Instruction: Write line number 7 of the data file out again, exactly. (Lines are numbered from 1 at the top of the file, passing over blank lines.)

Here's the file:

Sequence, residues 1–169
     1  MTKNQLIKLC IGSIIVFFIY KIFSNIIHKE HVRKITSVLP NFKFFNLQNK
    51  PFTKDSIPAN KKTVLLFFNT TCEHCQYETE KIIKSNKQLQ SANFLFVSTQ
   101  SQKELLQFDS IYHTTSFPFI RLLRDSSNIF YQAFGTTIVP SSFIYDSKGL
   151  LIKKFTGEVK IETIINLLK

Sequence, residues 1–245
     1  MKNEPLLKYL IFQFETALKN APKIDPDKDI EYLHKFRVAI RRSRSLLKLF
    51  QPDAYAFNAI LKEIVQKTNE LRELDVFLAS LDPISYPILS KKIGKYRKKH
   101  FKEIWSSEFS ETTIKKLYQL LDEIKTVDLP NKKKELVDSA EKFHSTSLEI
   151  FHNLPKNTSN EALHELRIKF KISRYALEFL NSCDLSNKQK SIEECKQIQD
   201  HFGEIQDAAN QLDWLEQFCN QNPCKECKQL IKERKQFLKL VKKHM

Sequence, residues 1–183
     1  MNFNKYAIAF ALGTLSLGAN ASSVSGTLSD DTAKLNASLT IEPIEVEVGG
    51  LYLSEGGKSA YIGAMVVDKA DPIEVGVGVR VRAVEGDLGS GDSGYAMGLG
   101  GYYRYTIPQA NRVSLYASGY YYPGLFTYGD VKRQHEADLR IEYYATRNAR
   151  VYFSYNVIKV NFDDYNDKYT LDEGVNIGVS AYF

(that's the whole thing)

     1  MKNEPLLKYL IFQFETALKN APKIDPDKDI EYLHKFRVAI RRSRSLLKLF